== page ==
Glyphosate, the active ingredient in Roundup herbicide, may be accumulating in higher levels in kids than in their parents, according to a biomonitoring study by the Center for Environmental Health (CEH), a nonprofit group focused on protecting people from toxins.1
Glyphosate has made headlines for landmark lawsuits, in which plaintiffs have been awarded billions in damages after juries agreed the chemical was responsible for their cancer diagnoses. Glyphosate is often associated with genetically engineered (GE) crops, as Roundup Ready GE crops are designed to survive direct dousing of Roundup.
This is a major usage for the chemical, but it’s not the only way people are being exposed. Glyphosate is also found in a staggering amount of non-GE foods, as it’s used as a desiccant, or drying agent, to speed up harvesting of non-GE grains and legumes.
As a result, popular foods among children, like breakfast cereal and oatmeal, may be among the most glyphosate-contaminated foods on the market, and could be driving up exposures in this vulnerable population.
Children are more exposed to glyphosate than adults
The CEH study involved 11 families who lived in California, Michigan, North Carolina, Texas and Vermont. Urine samples from parents and children were tested for glyphosate and aminomethylphosphonic acid (AMPA), the main metabolite of glyphosate, to reveal recent exposures to the chemical.
Only two of the people in the study (a parent and a child) were free from glyphosate, while the rest — 91% — had measurable quantities. Results for AMPA were similar.
When the level of glyphosate was factored in, in nine of the 12 parent-child pairs, the child’s body had higher concentrations of glyphosate than the adult. According to CEH, “We just completed a small study to help answer an important question: Are children more exposed to glyphosate than adults? Based on our results, the answer to this question is yes.”2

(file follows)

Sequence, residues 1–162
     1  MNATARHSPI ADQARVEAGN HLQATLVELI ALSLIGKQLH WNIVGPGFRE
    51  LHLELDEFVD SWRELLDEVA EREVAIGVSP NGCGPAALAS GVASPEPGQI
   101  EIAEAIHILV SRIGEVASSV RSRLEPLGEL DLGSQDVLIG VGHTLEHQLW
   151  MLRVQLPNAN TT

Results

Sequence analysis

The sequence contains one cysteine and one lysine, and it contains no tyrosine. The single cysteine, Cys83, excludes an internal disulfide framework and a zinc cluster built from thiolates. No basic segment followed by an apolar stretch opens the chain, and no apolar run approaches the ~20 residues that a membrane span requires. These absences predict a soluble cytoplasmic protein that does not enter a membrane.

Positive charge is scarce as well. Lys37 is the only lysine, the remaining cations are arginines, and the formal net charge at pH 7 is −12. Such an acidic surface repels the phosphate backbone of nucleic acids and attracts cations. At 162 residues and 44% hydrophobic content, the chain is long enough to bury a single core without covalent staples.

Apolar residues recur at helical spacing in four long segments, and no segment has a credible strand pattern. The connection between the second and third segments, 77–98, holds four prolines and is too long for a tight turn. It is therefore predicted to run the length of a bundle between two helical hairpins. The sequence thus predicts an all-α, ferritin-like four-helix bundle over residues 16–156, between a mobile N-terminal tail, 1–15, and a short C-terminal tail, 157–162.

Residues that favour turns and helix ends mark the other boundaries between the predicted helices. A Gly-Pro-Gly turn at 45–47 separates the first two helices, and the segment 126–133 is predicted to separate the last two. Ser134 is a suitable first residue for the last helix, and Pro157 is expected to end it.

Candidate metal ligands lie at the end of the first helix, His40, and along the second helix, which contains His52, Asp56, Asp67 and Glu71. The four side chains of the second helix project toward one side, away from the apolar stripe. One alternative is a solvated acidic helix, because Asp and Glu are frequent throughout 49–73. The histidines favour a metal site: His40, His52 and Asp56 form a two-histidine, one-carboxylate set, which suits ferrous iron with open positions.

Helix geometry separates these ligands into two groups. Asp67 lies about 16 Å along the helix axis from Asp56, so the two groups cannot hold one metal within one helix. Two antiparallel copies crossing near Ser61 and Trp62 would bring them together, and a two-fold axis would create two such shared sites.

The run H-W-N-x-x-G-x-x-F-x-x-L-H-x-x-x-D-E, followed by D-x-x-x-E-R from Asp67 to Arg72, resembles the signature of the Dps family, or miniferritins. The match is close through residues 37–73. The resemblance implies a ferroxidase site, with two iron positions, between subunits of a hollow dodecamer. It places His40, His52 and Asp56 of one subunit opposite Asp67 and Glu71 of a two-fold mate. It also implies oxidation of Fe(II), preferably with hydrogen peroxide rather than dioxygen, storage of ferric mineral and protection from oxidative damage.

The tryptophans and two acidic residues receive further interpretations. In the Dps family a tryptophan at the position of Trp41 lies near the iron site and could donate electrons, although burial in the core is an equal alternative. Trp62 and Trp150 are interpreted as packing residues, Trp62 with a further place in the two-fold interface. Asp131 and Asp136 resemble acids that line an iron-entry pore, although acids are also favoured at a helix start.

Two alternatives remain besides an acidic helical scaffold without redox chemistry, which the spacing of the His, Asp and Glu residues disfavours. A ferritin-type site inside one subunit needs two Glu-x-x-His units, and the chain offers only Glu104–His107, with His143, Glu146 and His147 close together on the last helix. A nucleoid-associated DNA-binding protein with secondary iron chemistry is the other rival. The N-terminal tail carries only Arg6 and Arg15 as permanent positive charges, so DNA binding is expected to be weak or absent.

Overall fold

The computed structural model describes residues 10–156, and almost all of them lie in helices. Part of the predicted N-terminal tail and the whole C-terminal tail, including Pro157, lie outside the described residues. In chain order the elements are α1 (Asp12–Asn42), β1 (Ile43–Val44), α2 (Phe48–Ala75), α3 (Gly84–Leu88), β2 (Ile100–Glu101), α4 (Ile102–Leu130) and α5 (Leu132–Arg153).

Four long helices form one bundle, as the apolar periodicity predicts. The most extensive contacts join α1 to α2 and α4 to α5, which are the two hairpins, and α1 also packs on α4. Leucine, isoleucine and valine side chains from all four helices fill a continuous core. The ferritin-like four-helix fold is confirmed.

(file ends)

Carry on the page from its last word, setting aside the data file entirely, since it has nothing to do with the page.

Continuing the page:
A probable human carcinogen and endocrine disrupter
It’s a concerning finding, as in 2015, the World Health Organization’s International Agency for Research on Cancer categorized glyphosate as a “probable human carcinogen.” Further, evidence suggests pesticides are associated with chronic health conditions, including neurodevelopmental or behavioral problems, birth defects, asthma and cancer, in children.3
Glyphosate is also an endocrine disrupter, which may, “affect our body at extremely low levels,” Sue Chaing, the pollution prevention director at the CEH, said in a news release.4 In a 2018 report, CEH explained three key reasons why glyphosate’s endocrine-disrupting properties are especially dangerous for children:5
“One, they interfere with the body’s hormonal signals and processes in ways that can cause cancer, diabetes, strokes, and reproductive problems. Even more alarming is that EDCs [endocrine-disrupting chemicals] can cause health issues that are passed on to future generations.
The third key reason EDC exposure is so worrisome is that many of these chemicals appear to be most harmful in low, long-term exposures, the kind of dose one would be exposed to by eating foods containing trace amounts of glyphosate.
Infants and children are especially vulnerable to EDC exposure as they are coming into contact with these chemicals precisely when their growing bodies are undergoing fundamental developmental processes mediated by hormones.”
What’s more, as noted in the journal Pediatrics, “[C]hildren’s unique behaviors and metabolic rate often place them at risk for absorption of higher doses from contaminated environments in comparison with adults.”6
Children, for instance, consume more food and fluids per pound of body weight compared to adults, making their exposure greater, relatively speaking. They also put their hands in their mouths more often and spend more time on the floor, where greater exposure to contamination via household dust and carpeting may occur.7
However, in kids it’s likely that greater consumption of glyphosate-contaminated foods targeting children could be a primary culprit in their increased levels compared to adults.